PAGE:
Set during World War II, in Crystal City—one of the very few U.S. internment camps that held both Japanese-American and German-American families—Monica Hesse’s The War Outside is the story of the friendship between Haruko and Margot. The two girls narrate their time in the camp as if talking to an unnamed, unseen journalist researching this dark period in American history, a form, Hesse says, that relates to her background in journalism—she’s a columnist for the Washington Post—and her interest in oral history. The War Outside has received six starred reviews; Hesse’s first YA book, The Girl in the Blue Coat, won the Edgar Award for Best YA Mystery. We spoke with Hesse about her research process, and about revisiting the subject of World War II in her new book.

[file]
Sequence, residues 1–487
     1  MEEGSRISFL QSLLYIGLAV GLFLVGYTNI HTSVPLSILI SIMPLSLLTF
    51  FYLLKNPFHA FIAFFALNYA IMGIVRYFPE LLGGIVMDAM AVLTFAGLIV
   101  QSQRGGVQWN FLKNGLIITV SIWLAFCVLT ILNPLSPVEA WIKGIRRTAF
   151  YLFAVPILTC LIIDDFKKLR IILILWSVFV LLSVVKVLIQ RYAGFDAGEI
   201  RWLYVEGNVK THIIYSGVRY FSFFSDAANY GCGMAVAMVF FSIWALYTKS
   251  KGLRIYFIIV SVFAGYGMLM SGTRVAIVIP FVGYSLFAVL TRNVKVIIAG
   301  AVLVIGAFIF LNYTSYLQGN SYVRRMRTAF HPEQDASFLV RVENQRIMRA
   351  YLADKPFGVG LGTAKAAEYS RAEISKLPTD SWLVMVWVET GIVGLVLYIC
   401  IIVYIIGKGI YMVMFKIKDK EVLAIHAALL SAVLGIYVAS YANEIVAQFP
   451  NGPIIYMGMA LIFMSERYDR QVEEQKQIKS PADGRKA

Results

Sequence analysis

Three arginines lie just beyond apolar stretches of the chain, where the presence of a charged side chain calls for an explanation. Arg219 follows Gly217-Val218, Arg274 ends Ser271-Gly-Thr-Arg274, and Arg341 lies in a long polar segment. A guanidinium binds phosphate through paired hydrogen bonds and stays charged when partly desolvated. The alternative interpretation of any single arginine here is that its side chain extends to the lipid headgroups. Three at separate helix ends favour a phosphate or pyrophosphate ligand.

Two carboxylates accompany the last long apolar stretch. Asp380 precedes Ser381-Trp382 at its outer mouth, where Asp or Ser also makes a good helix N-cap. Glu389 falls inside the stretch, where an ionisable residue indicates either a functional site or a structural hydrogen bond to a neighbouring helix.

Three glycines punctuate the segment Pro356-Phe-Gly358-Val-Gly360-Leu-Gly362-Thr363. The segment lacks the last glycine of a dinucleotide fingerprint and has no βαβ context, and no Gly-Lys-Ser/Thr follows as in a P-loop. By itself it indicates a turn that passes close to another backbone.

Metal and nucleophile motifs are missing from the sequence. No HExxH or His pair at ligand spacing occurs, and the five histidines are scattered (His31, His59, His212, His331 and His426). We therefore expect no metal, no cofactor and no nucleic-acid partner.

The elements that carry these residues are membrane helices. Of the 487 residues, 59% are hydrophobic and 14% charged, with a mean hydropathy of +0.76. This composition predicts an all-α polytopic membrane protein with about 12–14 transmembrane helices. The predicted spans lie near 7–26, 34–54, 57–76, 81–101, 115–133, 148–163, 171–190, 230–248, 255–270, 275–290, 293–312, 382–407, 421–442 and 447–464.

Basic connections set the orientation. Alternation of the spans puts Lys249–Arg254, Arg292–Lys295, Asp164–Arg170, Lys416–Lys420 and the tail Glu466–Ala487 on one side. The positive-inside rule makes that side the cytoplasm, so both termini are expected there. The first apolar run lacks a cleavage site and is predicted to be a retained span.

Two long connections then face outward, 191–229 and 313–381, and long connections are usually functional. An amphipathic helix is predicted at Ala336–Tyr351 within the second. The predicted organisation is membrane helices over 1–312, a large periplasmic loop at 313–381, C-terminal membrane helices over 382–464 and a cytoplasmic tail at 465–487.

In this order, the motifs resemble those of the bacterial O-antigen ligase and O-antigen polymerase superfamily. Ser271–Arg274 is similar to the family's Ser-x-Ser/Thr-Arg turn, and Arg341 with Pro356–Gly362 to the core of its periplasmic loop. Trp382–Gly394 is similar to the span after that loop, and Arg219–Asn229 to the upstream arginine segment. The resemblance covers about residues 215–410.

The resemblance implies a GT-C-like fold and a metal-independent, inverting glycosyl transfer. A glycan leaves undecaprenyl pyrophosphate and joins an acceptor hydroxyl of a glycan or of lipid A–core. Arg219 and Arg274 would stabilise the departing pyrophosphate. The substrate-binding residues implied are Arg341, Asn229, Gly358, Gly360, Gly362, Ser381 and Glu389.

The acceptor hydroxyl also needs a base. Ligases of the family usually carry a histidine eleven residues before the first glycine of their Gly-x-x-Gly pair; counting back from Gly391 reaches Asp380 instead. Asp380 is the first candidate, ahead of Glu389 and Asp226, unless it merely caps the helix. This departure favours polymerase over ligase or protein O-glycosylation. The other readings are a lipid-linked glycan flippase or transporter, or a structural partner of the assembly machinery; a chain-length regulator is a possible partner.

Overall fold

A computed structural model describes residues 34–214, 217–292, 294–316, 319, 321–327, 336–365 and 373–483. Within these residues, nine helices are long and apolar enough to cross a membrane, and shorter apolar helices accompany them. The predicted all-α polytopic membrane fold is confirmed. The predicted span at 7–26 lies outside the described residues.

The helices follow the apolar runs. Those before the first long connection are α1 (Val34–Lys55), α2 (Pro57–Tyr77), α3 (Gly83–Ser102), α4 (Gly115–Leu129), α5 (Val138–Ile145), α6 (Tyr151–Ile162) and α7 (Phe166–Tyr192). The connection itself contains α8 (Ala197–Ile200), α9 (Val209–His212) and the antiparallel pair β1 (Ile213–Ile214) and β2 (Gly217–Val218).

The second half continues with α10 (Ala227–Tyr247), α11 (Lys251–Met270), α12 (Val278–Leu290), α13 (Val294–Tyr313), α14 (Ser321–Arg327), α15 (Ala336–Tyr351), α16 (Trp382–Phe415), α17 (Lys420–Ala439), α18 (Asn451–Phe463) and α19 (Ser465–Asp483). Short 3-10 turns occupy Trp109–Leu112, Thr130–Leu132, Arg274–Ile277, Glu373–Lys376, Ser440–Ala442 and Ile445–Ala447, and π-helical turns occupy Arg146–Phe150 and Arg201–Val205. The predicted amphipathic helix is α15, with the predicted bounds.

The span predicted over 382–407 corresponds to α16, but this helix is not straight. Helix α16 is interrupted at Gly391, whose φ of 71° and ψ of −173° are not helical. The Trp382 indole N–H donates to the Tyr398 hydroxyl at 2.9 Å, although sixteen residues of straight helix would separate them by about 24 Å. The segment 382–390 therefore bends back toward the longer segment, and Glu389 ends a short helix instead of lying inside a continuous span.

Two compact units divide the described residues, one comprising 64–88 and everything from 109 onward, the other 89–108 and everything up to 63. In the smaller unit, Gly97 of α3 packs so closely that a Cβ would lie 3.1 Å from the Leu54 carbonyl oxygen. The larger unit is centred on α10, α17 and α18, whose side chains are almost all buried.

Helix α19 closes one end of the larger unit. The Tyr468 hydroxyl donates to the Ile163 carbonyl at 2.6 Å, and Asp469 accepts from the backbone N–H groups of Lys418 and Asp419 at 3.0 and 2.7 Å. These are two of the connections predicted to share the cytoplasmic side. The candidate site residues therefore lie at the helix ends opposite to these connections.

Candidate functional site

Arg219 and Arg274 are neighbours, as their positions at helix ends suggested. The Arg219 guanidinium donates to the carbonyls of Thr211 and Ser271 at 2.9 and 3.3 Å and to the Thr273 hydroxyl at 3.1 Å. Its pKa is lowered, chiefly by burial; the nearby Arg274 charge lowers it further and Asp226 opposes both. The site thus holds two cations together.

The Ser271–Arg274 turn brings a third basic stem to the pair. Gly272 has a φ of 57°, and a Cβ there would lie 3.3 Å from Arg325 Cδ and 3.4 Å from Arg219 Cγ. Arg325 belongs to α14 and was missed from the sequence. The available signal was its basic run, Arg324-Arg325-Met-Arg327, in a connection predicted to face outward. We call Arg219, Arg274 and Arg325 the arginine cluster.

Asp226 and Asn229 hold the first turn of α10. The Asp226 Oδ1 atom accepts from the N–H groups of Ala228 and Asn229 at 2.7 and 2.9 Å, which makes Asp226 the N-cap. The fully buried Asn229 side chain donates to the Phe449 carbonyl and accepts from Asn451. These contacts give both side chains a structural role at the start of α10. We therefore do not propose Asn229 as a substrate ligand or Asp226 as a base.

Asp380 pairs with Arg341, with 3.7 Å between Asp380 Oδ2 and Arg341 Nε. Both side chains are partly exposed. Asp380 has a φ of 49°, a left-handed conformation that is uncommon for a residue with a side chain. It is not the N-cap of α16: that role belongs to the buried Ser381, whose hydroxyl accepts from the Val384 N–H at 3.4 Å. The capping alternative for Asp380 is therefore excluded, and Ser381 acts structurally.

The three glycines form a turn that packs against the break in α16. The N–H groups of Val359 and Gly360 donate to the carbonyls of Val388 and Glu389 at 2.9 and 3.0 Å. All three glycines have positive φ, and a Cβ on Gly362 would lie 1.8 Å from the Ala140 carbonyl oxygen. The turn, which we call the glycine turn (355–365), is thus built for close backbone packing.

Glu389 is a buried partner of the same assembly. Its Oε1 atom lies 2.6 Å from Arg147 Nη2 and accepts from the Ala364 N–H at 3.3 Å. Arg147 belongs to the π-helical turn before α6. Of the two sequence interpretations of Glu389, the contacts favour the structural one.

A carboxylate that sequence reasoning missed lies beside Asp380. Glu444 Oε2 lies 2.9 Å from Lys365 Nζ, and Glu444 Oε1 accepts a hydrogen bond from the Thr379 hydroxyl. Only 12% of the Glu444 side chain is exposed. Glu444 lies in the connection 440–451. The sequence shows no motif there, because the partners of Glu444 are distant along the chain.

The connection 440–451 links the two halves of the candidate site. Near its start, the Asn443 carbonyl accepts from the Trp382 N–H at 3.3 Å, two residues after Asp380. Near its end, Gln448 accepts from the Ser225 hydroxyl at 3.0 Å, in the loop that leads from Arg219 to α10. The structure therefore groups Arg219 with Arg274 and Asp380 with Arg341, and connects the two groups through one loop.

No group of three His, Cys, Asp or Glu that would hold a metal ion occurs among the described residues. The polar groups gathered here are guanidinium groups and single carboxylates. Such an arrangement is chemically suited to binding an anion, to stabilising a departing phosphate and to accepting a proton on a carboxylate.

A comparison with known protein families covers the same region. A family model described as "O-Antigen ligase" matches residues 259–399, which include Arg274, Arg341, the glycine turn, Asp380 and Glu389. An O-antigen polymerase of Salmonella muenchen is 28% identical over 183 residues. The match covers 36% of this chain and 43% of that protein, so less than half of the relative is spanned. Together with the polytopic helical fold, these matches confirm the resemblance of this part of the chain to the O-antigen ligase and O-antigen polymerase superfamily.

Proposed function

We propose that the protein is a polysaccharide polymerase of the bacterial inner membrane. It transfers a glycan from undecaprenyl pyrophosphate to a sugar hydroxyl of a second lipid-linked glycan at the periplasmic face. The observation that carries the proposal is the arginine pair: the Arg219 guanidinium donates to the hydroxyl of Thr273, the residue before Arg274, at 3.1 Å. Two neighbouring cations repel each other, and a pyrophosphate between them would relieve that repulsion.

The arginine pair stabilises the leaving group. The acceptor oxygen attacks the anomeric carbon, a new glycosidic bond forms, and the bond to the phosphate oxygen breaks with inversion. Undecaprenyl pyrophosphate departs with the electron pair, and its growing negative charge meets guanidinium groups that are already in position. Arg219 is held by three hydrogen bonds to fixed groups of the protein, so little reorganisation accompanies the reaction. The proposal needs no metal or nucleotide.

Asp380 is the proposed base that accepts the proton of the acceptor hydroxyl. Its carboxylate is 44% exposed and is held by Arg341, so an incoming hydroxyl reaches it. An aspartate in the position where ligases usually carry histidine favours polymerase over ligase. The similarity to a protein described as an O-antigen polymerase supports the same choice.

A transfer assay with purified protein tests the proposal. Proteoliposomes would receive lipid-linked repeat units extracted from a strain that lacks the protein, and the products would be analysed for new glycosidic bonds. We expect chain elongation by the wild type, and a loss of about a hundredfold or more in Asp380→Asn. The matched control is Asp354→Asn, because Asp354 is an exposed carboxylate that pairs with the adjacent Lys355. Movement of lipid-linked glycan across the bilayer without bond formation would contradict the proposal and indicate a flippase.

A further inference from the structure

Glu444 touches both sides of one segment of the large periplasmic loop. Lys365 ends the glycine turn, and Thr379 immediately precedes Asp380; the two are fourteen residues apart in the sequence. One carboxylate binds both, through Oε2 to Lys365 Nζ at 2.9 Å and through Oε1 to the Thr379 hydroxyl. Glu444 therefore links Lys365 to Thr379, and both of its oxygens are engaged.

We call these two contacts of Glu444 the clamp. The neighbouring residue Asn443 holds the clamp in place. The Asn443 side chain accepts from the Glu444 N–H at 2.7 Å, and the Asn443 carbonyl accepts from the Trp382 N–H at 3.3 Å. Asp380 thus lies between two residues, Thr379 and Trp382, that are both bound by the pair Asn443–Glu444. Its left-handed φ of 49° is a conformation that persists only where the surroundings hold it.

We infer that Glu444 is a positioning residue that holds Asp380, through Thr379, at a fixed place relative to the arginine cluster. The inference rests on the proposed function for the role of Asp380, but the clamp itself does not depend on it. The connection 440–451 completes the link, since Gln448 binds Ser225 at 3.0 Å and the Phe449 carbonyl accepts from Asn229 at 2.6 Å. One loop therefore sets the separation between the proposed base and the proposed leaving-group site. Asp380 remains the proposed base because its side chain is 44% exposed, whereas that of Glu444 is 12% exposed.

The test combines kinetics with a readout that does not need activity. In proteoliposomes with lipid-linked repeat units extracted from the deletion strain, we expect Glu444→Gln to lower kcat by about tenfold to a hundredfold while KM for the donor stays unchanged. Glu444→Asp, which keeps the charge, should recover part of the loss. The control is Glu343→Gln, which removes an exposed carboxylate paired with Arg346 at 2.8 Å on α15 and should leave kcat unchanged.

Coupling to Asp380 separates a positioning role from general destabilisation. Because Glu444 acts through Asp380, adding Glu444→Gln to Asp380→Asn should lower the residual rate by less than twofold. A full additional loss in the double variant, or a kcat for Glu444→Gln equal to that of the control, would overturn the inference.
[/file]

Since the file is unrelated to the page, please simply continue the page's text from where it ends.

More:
This is your second YA book set during the World War II; The Girl in the Blue Coat took place in 1943 Amsterdam. What interests you about this period?
My first book came out of always having been interested in The Diary of Anne Frank and realizing I only knew about Amsterdam from her perspective—which, of course, was inside an annex. I learned about Crystal City from a footnote while I was researching my first book, and it made me realize that there was a whole chapter of American history that I didn’t know a lot about. If you’re like me, the Japanese internment probably only made a few pages of your high school history books, and maybe the class didn’t even get up to that part of the book. I didn’t know enough about that history, and I had no idea that there was a camp that had both German and Japanese families in it.